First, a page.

If you are interested in blogging or want to promote your book, please contact E. B. Davis at writerswhokill@gmail.com.


July Interviews













7/1 Lena Gregory, Scone Cold Killer
7/8 Jessica Baker, Murder on the Flying Scotsman
7/15 TG Wolff, Driving Reign
7/22 Leslie Budewitz, The Solace of Bay Leaves
7/29 Cynthia Kuhn, The Study of Secrets


Saturday Guest Bloggers

7/11 Mark Dressler
7/18 James McCrone

WWK Bloggers:

7/4 Valerie Burns
7/25 Kait Carson

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Congratulations to our two Silver Falchion Finalists Connie Berry and Debra Goldstein!


Paula Gail Benson's "Cosway's Confidence" placed second and Debra Goldstein's "Wabbit's Carat" received Honorable Mention in the Bethlehem Writers Roundtable 2020 short story contest. Congratulations, Paula and Debra!


Susan Van Kirk's Three May Keep A Secret has been republished by Harlequinn's Worldwide Mystery. The WWK interview about the book can be accessed here. We're so glad another publisher picked up this series.


KM Rockwood's "Burning Desire," and Paula Gail Benson's "Living One's Own Truth," have been published in the anthology Heartbreaks & Half-truths. Congratulations to all of the WWK writers.


Please join Margaret S. Hamilton's Kings River Life podcast of her short story "Busted at the Book Sale" here. Congratulations, Margaret!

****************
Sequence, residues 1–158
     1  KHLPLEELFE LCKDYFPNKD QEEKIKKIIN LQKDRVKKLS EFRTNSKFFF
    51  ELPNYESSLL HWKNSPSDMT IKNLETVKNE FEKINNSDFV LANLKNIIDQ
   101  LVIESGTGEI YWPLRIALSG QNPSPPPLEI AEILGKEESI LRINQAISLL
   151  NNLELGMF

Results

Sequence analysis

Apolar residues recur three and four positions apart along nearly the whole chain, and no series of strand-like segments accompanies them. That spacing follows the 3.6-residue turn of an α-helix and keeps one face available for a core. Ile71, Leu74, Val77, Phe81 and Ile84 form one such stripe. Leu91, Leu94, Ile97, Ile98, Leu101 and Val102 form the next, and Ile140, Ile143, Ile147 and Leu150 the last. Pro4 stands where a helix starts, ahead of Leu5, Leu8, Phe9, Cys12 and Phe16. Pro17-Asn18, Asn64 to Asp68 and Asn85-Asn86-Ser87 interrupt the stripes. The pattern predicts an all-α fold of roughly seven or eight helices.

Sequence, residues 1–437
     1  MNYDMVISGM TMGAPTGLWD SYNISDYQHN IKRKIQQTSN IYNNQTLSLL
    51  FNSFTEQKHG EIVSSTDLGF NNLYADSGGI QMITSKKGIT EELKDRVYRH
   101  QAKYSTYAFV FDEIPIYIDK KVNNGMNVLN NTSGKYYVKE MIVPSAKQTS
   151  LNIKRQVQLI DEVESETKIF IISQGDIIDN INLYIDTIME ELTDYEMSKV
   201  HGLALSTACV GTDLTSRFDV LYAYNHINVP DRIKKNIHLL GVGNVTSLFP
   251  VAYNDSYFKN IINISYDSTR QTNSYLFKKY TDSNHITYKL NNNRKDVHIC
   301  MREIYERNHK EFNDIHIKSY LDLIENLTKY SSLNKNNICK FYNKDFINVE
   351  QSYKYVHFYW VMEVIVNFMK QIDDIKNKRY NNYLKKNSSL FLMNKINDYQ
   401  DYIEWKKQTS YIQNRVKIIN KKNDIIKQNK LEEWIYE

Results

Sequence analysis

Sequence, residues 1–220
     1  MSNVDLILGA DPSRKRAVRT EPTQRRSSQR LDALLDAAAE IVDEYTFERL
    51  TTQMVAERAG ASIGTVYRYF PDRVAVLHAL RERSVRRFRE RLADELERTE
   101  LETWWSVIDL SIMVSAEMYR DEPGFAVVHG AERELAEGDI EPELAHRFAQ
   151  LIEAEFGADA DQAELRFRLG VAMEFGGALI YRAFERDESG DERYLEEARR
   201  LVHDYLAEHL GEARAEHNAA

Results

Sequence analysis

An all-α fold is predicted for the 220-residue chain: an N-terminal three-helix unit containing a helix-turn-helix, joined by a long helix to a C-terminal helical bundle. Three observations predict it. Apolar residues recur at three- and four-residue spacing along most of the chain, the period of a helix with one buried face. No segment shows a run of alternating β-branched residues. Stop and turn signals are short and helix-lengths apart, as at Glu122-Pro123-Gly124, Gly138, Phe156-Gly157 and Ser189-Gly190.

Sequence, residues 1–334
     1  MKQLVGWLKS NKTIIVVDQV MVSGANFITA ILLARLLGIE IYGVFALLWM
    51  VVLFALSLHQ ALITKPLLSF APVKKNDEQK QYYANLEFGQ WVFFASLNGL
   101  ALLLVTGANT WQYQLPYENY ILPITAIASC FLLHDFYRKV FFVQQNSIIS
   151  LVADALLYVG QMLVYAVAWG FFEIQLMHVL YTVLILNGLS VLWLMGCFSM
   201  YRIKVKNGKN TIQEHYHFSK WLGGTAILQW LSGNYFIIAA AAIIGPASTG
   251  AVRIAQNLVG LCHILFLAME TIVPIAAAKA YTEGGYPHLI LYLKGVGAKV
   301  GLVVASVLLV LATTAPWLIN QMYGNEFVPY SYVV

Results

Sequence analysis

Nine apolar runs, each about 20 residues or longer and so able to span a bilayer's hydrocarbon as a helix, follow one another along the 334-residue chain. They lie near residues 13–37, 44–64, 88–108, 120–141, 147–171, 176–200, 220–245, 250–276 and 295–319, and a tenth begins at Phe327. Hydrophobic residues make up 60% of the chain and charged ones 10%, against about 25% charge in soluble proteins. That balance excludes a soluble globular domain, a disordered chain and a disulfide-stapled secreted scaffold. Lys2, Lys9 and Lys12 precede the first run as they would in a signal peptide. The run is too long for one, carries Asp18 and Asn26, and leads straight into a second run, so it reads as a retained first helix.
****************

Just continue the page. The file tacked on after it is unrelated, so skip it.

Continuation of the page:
Look Margaret S. Hamilton's short stories in the new Mid-Century Murder by Darkhouse Books. Margaret's story is titled "4BR/3.5BA Contemporary."


Grace Topping's second novel in Laura Bishop staging series, Staging Wars, was released by Henery Press on April 28th. Look for the interview here from April 29th.


Annette Dashofy's 10th Zoe Chambers mystery, Til Death, will be released on June 16th. Look for the interview here on June 17.


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Wednesday, June 9, 2010

Ryck Neube Interview, Part I

Ryck Neube is one of my (Jim) writing mentors. I met Ryck at the Cincinnati Writers Project Wednesday night critique group. Ryck has published novels, novellas, but is best known for his short stories. Asimov's Science Fiction Magazine, for example, has published his work numerous times.

JMJ: You’ve been involved with the Cincinnati Writers Project how long?

RN: Since 1993 and according to my shrink friends it is a classic case of mental illness. I spend an incredible amount of time on it and the rewards are almost nil. So there is no sane reason I do this.

JMJ: And the insane reason is?

RN: A writer by the name of H.P. Lovecraft… After he died he ceased to exist. But in the sixties people he’d been involved with helping along as fellow writers…people like Ray Bradbury, Fritz Leiber…they went, “We wouldn’t be writers if he hadn’t helped us.” They revived his career. A guy in Texas bought his literary estate for $800 and in the seventies Lovecraft fiction was earning a $1 million a year…. So, I am counting on – if my noncareer never takes off – that thirty years down the line some of these people from the writers group of CWP in general will be going, “You know, we owe Neube. Now that I’m the new Stephen King; now that I’m the new John Irving, I can resurrect this guy.”

JMJ: So it’s all about you then, it’s nothing about them.

RN: Exactly. I like to think the universe revolves around me. It’s such a small universe and I’m such a big person. It’s either that or the shrinks are right and it’s just mental illness.

JMJ: So that explains how long and why you stayed—because you’re a sick puppy.